First Flight Could Be Pushed Into Late October... Or
Is the Dreamliner giving Boeing engineers nightmares? The
Seattle Times reported Saturday further delays may be in store for
Boeing's much-anticipated 787 Dreamliner. The company will
reportedly announce Wednesday the first flight of the 787
could be pushed into late October or later, according to a source
close to the program.
As ANN reported, rumors of a
delay began swirling early last month. The Seattle
Post-Intelligencer said unnamed sources reported the first flight
had slipped to sometime in October.
Systems integration issues were reported as being behind a
possible delay at that time. The paper's sources said engineers are
experiencing difficulties with installing flight control systems
and software, and getting those components "talking" with other
systems in the highly-integrated airliner.
The Times reports issues with the aircraft's structure, which
was partially dismantled after the ceremony for the July 8 rollout.
The 787 was disassembled to facilitate the installation of such
systems as electrical wiring, flight deck instrumentation and
hydraulic tubing as well as replacing temporary fasteners with
The fastener replacement is taking much longer than expected,
said the source, and the wiring installation has barely even begun.
First "power on" is still weeks away.
But, said the source, "there's a good chance it can still fly by
the end of October."
The company said Friday the tail section had been reattached but
crews still had the engines, doors and the leading edges of the
wings yet to go.
Boeing spokesperson Yvonne Leach said, "We have in place
contingency plans that would protect the planned May 2008 first
delivery in the event that the date of first flight moves."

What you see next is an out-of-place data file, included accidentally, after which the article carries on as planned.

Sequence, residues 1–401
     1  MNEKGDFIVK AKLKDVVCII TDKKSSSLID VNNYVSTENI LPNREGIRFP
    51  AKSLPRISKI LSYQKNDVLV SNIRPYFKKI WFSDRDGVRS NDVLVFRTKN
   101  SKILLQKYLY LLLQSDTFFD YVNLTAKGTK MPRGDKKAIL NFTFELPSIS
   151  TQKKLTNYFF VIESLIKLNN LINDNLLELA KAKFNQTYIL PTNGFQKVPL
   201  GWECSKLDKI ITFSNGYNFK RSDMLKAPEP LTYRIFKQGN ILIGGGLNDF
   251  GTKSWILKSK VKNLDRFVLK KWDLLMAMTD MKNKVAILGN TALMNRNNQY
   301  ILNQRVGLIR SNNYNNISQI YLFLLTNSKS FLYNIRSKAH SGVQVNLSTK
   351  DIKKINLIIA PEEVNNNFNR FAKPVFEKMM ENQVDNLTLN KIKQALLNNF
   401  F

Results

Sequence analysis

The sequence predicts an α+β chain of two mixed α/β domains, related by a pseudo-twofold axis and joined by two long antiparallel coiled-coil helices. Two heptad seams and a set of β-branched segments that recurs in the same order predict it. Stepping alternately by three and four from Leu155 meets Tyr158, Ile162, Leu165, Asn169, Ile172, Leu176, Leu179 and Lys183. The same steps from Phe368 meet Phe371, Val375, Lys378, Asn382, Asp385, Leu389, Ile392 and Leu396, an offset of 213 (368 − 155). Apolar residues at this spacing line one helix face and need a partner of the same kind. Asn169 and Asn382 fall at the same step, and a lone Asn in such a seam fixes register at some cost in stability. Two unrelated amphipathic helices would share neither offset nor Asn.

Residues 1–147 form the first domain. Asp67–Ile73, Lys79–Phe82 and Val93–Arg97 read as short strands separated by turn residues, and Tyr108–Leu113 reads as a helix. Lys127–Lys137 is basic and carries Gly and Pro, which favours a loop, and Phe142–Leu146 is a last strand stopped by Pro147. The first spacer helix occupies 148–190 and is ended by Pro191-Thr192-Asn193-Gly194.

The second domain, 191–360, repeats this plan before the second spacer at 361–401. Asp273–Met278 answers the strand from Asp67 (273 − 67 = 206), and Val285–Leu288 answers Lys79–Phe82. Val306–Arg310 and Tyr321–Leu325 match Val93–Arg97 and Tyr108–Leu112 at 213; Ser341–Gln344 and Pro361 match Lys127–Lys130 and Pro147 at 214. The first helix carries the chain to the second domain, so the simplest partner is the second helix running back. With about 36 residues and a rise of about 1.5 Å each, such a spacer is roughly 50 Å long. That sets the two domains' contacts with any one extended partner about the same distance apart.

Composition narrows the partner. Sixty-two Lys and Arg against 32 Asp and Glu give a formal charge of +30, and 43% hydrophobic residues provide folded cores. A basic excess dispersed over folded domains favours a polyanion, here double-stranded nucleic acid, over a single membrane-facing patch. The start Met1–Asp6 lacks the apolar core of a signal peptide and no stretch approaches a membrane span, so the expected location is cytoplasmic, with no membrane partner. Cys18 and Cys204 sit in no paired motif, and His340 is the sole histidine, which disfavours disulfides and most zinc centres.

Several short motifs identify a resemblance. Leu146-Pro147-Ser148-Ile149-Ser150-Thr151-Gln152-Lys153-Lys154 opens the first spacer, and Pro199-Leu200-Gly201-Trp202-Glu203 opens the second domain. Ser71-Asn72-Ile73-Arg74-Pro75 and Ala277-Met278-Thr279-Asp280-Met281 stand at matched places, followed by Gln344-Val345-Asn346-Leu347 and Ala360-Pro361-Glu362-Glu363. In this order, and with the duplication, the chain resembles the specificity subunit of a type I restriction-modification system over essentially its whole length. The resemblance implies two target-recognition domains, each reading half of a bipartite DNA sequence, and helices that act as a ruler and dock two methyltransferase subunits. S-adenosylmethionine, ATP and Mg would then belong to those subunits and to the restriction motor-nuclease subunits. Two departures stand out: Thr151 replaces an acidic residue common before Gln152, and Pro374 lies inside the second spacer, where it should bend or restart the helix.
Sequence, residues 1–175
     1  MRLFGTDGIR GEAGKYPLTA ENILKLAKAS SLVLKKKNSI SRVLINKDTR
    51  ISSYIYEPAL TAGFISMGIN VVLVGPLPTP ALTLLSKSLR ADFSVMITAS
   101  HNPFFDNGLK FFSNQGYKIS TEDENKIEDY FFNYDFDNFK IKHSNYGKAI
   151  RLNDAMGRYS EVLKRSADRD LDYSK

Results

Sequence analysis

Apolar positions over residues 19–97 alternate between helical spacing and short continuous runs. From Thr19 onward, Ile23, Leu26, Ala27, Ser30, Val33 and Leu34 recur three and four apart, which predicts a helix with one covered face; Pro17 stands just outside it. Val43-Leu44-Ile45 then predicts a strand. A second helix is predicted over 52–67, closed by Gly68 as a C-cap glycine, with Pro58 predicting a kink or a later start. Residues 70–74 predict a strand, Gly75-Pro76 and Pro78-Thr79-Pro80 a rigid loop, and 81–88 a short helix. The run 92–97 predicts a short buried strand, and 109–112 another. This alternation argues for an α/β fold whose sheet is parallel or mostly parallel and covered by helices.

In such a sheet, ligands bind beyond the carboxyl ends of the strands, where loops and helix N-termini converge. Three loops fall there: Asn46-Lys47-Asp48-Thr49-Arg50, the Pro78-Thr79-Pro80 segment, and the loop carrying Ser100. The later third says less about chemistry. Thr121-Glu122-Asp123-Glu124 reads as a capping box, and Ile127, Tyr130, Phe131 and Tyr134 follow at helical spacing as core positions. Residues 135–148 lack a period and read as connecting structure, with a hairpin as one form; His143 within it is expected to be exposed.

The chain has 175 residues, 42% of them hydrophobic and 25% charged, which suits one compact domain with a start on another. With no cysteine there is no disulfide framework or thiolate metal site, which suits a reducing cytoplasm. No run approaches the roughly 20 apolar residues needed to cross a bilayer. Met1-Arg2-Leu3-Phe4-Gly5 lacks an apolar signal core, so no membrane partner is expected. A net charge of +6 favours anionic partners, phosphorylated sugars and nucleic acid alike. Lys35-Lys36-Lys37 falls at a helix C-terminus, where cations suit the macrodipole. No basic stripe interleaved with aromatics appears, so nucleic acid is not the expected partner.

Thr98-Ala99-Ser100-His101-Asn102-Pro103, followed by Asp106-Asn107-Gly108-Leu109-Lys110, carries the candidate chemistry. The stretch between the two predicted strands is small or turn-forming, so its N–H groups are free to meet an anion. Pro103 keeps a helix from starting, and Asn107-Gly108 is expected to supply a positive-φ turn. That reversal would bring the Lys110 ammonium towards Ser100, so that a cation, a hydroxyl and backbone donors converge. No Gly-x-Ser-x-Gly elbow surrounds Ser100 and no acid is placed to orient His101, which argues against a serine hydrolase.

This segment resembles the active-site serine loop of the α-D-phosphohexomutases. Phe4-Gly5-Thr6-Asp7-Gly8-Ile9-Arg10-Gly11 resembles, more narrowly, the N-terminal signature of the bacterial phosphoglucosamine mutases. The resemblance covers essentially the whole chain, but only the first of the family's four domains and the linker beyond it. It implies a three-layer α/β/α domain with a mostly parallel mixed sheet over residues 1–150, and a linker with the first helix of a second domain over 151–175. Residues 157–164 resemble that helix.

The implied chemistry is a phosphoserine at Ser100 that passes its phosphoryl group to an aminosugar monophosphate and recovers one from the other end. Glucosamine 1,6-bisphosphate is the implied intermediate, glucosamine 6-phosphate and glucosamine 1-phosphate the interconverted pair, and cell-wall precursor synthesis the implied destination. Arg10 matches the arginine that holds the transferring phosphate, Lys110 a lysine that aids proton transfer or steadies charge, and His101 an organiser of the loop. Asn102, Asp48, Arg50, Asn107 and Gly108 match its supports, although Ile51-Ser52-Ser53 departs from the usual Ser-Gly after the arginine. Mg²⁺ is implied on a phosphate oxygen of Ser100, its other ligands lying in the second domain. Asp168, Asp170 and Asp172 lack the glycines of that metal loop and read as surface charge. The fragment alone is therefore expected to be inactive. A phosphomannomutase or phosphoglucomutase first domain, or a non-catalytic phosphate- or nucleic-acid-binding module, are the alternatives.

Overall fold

"The target date could well move into the fall as we proceed
through the complex work of final assembly, systems integration and
structural testing," she said.
"There is an immense amount that must come together during the
upcoming weeks and ... there are inherent risks that do not surface
until this particular phase of airplane development."
CEO Jim McNerney acknowledged in July the first flight might not
happen until October.
The company said the aircraft presented at the rollout ceremony
didn't have a lot of the installation work that was supposed to
have been done by the company's major airframe partners prior to
If the first flight takes place at the end of October, which
leaves only seven months of flight testing if the company is to
make its goal of a May 2008 release. The 777 had 11 months of
Despite the gloomy rumors, Boeing is still planning a late
"The plan is the plan until we know for sure we are going to
change the plan," Leach said.
There has been some speculation Boeing is paying the price for
placing marketing ahead of construction. A veteran Boeing engineer
told the Times Friday the assembly job was rushed to meet a
"The 7/8/7 date was for show," he said. "The showmen at Boeing
had the upper hand over the engineers."
The scramble to catch up is in full swing. Jarrod Bartlett, a
Boeing spokesperson, said the company is currently hiring 60 to 80
mechanics for temporary work at the Everett plant, according to the
The 787's program chief Mike Bair and Boeing Commercial
Airplanes CEO Scott Carson will give more details at the update
Wednesday, Leach said.